Lessons from Thames Water. You’d be hard pressed to find anyone who could enthusiastically defend the record of water privatization over the last 34 years. As the climate crisis worsens and debt becomes more expensive, reforming the water sector so that investment is put before shareholders has never been more urgent. The legacy of years of privatization can be difficult to unravel, with high debts and the need to make up for historic deficits in infrastructure investment both providing significant barriers to action.

  • Funding the future. Ultimately the question of how necessary future infrastructure upgrades will be financed is the long-term challenge facing the sector. Common Wealth argues that if the industry remains in private hands, even with additional stakeholder responsibilities, bills will rise significantly. This is because such capital demands a return, and this return can only be extracted from consumers. In contrast they argue that the public sector can borrow for upgrades at lower rates, making public ownership “a cheaper and more strategic mechanism to fund the water industry’s future”.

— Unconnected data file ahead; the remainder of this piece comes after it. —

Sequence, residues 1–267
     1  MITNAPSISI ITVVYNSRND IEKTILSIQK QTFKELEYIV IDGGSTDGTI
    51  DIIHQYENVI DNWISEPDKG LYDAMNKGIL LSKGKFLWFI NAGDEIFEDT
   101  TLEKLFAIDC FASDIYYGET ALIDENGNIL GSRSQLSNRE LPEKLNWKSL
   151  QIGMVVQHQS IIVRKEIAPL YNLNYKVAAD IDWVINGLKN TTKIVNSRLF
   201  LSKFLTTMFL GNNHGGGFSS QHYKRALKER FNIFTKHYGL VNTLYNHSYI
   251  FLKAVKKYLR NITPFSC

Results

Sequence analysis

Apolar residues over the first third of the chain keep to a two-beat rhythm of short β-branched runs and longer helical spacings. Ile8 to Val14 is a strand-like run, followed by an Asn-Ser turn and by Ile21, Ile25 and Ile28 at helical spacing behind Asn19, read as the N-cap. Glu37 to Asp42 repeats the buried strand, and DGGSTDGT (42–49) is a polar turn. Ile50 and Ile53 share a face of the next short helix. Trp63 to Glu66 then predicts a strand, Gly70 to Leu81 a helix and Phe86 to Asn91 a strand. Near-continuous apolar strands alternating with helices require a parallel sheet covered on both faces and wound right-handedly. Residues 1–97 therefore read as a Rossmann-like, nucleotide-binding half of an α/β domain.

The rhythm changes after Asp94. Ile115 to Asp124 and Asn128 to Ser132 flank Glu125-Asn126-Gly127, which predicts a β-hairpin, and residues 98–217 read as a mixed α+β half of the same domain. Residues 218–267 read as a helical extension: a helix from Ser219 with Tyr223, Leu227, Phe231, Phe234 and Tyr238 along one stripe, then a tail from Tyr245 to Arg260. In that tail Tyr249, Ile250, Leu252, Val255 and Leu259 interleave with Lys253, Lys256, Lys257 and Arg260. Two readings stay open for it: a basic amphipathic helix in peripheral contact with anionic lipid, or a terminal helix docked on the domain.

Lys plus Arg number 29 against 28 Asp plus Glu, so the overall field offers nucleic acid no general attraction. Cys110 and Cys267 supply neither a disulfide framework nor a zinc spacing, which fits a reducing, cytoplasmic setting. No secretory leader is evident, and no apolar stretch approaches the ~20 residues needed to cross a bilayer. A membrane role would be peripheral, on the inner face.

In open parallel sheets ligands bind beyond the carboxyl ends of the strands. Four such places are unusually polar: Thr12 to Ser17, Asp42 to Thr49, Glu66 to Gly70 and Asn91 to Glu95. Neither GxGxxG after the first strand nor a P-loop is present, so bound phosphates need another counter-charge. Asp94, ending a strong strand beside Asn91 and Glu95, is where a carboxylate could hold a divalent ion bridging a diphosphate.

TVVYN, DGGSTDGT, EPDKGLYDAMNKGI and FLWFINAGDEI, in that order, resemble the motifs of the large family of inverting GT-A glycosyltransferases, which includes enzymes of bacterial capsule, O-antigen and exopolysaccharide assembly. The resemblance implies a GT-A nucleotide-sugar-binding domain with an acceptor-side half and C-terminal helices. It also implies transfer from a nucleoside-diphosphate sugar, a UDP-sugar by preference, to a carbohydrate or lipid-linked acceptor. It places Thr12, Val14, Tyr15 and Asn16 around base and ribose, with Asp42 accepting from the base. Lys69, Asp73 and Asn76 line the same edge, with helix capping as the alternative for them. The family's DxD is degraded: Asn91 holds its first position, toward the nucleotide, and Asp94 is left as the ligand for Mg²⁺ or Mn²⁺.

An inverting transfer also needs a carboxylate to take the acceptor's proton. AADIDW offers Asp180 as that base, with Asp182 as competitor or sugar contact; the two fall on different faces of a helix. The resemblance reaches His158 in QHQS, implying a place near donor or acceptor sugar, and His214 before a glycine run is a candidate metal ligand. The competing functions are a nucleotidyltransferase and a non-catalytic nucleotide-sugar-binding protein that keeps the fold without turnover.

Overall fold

• Voice and value. But who gets a say in the industry’s future is also a vital question. For example newly renationalized water companies could be structured so that consumers, workers, and other stakeholders are represented on the board as with the newly remunicipalised Eau de Paris in France (where bills fell by 8%). This would end the domination of shareholder interests, which has arguably led to the current mess in the industry.